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Between Two Worlds

Note: I originally created this series as a submission to the 2020 Sony World photo competition. I took these photos while attempting to"hitchhike" the entire length of the Sepik River in Papua New Guinea, a task made difficult by its near complete lack of boat traffic. One of my longest stops was at Elamory logging base camp, near Elamory Village. I was stuck here for more than two weeks before finally catching a ride with one of the motorized logging boats down river to the town of Pagwi. I owe a special thanks to both the villagers and logging employees, who treated me extremely well and were eager to tell me their stories, pose for my pictures, and watch me fly my drone.

The rain forests of Papua New Guinea are under threat from international logging interests. A Malaysian logging company has established its base camp along the Sepik River near the village of Elamory. For the people of this village, who had previously been separated from the nearest developed town by 3 days of canoe travel, the logging company’s arrival thrust modernization into nearly every aspect of their lives. They now exist between two worlds: the old world of subsistence farming, hunting, and fishing along the river and in the seemingly-endless tracts of rain forest that surround them, and the new world of globalization. I spent two weeks “stranded” at Elamory base camp, waiting for a boat to take me downriver, and became fascinated by the way the villagers were adapting to their new reality. In this series, I attempt to document the interaction between the loggers, the village, and the environment.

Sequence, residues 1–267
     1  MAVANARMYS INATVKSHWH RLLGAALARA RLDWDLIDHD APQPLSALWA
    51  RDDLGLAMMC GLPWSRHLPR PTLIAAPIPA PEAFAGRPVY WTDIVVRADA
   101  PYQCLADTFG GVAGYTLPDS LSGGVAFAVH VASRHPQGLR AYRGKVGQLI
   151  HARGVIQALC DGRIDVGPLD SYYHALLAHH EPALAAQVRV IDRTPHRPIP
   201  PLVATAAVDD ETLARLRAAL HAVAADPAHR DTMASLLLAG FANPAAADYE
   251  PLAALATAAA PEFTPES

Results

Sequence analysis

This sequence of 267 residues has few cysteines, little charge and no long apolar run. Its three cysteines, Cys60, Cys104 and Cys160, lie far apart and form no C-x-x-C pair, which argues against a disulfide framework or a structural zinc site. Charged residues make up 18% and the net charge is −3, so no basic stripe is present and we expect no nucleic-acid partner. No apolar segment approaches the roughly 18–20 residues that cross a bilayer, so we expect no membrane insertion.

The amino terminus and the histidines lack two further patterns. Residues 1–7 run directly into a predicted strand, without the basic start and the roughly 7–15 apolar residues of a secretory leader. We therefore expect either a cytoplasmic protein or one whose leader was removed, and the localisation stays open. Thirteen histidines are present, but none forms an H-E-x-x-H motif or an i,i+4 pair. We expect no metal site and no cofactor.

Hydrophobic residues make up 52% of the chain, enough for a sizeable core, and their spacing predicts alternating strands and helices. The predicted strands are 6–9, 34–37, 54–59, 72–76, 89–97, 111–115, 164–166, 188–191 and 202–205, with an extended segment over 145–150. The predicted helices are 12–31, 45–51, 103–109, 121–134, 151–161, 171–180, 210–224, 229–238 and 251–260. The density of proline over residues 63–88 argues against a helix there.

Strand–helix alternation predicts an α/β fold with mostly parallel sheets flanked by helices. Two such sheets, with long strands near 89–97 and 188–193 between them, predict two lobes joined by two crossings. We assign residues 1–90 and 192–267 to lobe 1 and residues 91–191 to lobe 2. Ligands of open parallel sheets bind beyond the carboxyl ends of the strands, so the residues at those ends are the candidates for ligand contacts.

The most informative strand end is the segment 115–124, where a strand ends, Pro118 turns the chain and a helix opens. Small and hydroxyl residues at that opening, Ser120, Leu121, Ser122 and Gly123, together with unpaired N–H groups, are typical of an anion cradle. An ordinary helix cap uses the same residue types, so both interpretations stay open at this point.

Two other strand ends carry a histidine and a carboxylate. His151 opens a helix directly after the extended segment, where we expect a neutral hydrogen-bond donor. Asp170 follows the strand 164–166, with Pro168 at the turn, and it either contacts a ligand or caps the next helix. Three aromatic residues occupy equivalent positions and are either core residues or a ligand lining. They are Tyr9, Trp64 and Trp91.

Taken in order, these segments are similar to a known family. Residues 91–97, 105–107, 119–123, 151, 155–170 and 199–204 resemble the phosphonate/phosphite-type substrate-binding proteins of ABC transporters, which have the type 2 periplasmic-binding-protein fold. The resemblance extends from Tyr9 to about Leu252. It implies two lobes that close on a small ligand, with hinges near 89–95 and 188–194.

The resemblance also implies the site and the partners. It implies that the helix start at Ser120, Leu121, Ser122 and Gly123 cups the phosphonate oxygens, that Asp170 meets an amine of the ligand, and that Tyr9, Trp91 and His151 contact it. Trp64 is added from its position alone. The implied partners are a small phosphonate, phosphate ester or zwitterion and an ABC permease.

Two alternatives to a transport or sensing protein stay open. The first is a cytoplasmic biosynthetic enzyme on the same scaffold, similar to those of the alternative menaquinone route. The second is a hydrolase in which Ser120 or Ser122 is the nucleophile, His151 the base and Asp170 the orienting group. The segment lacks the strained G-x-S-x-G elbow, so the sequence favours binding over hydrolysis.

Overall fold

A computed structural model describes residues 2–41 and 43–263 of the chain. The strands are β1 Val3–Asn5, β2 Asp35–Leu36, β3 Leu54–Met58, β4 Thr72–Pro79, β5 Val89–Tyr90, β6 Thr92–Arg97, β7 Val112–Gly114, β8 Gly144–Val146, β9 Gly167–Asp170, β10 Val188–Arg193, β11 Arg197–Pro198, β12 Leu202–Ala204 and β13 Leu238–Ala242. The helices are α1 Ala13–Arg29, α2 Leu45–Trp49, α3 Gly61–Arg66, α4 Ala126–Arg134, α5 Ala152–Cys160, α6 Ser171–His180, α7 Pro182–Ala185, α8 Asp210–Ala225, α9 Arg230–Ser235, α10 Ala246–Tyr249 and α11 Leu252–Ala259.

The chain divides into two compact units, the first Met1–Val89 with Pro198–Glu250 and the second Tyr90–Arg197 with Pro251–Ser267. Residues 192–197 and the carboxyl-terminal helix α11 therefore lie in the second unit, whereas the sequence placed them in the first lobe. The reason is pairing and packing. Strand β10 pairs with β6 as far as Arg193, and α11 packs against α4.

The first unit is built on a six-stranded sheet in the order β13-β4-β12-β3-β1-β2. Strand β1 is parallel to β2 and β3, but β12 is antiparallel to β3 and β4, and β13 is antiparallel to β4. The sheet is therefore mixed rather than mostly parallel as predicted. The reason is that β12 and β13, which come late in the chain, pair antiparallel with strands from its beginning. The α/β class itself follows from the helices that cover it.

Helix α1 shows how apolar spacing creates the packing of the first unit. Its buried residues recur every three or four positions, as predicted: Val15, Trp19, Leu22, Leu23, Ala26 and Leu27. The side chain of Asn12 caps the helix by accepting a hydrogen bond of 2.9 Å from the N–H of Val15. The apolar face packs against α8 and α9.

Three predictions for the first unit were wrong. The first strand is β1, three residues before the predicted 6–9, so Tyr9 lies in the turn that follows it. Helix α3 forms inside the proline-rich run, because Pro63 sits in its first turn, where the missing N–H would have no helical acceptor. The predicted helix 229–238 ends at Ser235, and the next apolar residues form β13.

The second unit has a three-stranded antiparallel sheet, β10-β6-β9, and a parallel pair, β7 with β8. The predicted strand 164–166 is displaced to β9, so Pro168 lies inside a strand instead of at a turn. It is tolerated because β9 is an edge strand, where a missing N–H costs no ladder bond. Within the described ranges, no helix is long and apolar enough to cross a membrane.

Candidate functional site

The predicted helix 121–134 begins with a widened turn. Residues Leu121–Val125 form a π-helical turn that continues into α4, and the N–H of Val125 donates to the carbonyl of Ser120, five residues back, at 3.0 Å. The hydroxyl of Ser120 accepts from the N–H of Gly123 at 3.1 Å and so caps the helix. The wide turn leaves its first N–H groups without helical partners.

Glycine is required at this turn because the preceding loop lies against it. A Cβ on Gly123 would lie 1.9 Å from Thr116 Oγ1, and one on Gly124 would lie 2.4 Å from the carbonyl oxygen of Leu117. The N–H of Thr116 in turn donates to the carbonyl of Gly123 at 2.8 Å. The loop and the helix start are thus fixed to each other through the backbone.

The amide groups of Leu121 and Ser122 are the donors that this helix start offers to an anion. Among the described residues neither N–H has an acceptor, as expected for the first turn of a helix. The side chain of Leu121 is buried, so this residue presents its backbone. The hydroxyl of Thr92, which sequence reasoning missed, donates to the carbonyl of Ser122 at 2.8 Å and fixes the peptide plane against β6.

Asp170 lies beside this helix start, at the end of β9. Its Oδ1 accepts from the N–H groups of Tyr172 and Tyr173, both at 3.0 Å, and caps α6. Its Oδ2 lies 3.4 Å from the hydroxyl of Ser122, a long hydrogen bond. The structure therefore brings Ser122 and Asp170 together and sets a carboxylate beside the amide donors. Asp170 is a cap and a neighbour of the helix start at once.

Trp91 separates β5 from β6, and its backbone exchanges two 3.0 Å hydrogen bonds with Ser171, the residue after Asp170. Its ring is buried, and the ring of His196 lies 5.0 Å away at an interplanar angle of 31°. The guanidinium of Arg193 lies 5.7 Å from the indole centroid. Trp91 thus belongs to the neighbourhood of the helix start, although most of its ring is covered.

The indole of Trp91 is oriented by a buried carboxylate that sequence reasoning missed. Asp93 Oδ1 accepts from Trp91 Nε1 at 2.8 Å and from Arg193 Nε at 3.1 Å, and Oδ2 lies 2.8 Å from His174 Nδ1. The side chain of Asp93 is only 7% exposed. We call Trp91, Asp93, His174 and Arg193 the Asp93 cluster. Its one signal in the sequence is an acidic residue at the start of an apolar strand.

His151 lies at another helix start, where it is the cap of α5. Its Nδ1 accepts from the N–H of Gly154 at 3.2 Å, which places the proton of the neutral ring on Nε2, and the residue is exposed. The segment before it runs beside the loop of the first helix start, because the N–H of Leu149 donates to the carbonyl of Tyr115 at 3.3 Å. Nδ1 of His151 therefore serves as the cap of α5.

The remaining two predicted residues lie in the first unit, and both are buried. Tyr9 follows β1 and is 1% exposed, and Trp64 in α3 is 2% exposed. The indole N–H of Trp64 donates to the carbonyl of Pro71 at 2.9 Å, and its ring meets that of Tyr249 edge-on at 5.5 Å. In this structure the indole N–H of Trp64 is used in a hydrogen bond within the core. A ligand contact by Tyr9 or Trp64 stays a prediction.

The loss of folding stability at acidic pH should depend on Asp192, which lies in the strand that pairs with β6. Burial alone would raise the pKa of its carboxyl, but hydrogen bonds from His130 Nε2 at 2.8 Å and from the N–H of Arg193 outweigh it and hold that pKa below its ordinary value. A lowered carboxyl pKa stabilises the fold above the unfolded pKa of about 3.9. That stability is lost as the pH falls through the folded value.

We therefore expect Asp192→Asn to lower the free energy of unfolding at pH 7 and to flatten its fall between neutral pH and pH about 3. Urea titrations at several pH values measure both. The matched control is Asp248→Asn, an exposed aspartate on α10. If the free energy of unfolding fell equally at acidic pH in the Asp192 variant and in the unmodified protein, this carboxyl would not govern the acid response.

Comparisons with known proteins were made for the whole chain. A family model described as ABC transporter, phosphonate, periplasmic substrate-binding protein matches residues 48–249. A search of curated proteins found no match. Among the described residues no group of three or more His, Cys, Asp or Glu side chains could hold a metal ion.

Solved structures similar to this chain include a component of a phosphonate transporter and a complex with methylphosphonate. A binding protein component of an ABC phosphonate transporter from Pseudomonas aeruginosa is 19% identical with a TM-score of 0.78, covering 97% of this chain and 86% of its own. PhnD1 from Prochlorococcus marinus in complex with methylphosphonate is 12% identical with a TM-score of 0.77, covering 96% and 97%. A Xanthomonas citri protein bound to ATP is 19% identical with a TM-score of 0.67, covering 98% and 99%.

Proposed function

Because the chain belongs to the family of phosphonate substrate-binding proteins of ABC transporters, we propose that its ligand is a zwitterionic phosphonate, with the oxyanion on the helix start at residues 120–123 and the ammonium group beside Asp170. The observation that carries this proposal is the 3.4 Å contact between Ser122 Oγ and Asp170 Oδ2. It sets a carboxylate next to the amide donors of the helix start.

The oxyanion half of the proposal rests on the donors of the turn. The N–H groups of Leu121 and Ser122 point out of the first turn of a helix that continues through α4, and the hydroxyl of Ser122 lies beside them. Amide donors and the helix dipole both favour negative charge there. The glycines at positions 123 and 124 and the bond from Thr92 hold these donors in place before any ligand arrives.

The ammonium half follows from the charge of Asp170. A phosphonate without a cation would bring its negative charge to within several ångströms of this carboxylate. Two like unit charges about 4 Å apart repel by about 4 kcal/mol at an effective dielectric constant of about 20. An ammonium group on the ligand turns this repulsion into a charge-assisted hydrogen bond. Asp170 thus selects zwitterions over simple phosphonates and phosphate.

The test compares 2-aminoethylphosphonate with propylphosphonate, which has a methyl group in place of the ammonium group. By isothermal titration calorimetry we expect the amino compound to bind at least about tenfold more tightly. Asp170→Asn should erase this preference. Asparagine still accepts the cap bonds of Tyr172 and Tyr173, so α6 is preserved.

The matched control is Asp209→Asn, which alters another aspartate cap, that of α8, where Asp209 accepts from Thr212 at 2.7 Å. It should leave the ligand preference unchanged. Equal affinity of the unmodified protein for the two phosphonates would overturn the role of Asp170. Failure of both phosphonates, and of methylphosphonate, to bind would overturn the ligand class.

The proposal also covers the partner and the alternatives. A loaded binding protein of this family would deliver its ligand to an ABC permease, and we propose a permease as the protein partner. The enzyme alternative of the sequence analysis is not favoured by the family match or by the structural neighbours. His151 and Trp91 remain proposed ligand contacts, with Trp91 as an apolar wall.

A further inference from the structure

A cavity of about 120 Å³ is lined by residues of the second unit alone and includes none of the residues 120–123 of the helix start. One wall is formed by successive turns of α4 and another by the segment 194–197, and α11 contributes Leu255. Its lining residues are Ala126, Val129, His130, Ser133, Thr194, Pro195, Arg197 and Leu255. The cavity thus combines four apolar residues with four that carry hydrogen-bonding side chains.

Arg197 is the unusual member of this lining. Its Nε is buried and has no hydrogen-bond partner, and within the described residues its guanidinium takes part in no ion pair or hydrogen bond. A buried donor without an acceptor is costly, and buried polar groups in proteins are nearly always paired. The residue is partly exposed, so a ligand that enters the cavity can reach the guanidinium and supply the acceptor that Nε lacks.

A child from Elamory village searches for a place to sit and eat his coconut among the piles of timber in the logging yard. The logging base camp consists of several acres South of Elamory village that have been cleared of foliage. The area is now a muddy field of plywood shacks, industrial construction equipment, and large piles of timber waiting to be shipped downriver towards the coast, where they will then be exported to Asia.

A child paddles past the flooded huts of Elamory village in a dugout canoe. The villagers live in traditional huts on stilts roughly 500 meters North of the logging camp. While some of the villagers work for the logging company, the majority of the village's livelihood is earned through subsistence hunting, fishing, and farming in and around the Sepik River.

Elamory Village is located in the remote Upper Sepik region of Papua New Guinea, one of the last truly wild places on the planet. Below these trees, humans have coexisted sustainably with nature for millennia. With the advent of the logging and palm oil industries, the forest has begun shrinking for the first time.

Whistling Kites from the surrounding wilderness patrol the lumber yard in the hundreds, addicted to the constant supply of scraps produced by the loggers.

A child from Elamory village poses on a logging barge. The large, iron vessel contrasts starkly with the village's other structures, which are made entirely from materials found in rain forest.

A child from Elamory village poses on the logging barge during the sunset.

A child from Elamory village expertly maneuvers his kid-sized dugout canoe.

A mother from Elamory village poses with her child on the logging barge.

Aside from the biweekly arrival and departure of logging boats, the Upper Sepik region of the Sepik River sees practically no boat traffic. Its soft-flowing, unperturbed surface perfectly reflected the sunset each night of my stay. From the air, the logging camp stands out starkly; a tiny spec of industry, threatening the vast wilderness all around.

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